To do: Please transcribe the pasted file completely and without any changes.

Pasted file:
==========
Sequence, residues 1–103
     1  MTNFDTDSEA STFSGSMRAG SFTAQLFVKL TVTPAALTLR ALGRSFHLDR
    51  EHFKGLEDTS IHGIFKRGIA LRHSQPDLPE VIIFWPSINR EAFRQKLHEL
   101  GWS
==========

Sequence, residues 1–103
     1  MTNFDTDSEA STFSGSMRAG SFTAQLFVKL TVTPAALTLR ALGRSFHLDR
    51  EHFKGLEDTS IHGIFKRGIA LRHSQPDLPE VIIFWPSINR EAFRQKLHEL
   101  GWS